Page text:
It’s time to talk about power: the future of the Liberal Democrats
Vince Cable is leaving the Liberal Democrats in a pretty good place. We’ve just come second in a national election for the first time, made our largest ever gain of seats at local elections and party membership is over 100,000 and still rising. It’s rare for a political leader to get to leave at a time of their own choosing and with the party in a good position, but Vince has managed it. While I have had issues with some of his decisions as party leader, particularly internal ones, it would be churlish to spend time on some sort of retrospective critique of the last couple of years, especially when the most important thing for the party to do now is prepare for the future.
For once, I’m going into a party leadership contest without being involved in any of the campaigns and without being sure about which way my vote will go. (As a disclaimer, that likely wouldn’t have been the case if Layla Moran had stood, but I understand and respect her reasons for choosing not to) I had thought about writing a series of questions for candidates to try and see their opinions on issues important to me but I realised three things: that a lot of other people would be doing the same thing; my questions would likely be leading and passive-aggressive ones about if they agreed with me; and they’d probably not answer them anyway, preferring to focus their time on questions from party organisations with actual memberships and influence.
Instead, I thought I’d lay out my ideas for how to take the party forward and where I would hope that a new leader will be taking us over the next few years. We’ve probably got a bit of a gap now before the candidates start putting forward their visions so I thought I’d put mine forward in that brief silence before the main event starts.
Obviously, in the short term the party has one clear goal: stopping Brexit. I’m not going to use this space to rehash old arguments about democracy being a process rather than an event, or People’s Vote versus straight-out revocation of Article 50, but we do have to accept that whatever happens with Brexit, the issues that caused it are still there and need to be addressed. Stopping it will not reset the clock and take us back to a time before 2016 where we can all pretend it never happened. Brexit was caused by decades of persistent and systematic failures from government and all parties, and we need to be a party that addresses those issues, not one that pretends they’ll go away. Brexit is a symptom of wider problems we need to present a liberal solution for.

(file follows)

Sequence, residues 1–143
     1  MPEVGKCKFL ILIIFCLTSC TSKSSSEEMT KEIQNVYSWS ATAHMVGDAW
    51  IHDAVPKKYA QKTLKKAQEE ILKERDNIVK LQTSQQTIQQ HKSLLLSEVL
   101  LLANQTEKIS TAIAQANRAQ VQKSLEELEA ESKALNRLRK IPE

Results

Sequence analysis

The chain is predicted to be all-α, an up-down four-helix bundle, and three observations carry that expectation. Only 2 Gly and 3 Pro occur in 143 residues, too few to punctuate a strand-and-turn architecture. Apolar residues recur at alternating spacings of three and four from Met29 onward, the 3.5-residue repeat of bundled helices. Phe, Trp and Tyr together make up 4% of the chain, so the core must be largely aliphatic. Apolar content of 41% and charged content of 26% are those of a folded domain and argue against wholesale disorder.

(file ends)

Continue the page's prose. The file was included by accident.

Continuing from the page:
More than that, though, we need a big story and a big vision to tell people, something that draws together our ideals and serves as a basis for pushing forward our policies. Too often the whole of the party is much less than the sum of its parts. We have a bewildering amount of individual policies on just about every possible area of activity, but we’re not good at bringing all that together into a big picture for people to latch onto. The party has got 20% or more at three national elections and each of them has been driven by a clear message: Iraq in 2005, change in 2010 and Brexit in 2019. When Paddy brought us up from single digit polling to success it was through pushing big and often unpopular ideas.
What we need to talk about is that big idea central to liberalism: power. Specifically that there are too many people in Britain who have, or feel like they have, no power over their lives while others have vast amounts of it but are never held to account for how the use it. Conrad Russell (see my series about his work) identified the desire to make power accountable as being at the core of the many traditions of British liberalism and it’s to this simple idea that we should return as we look to how we shape the future.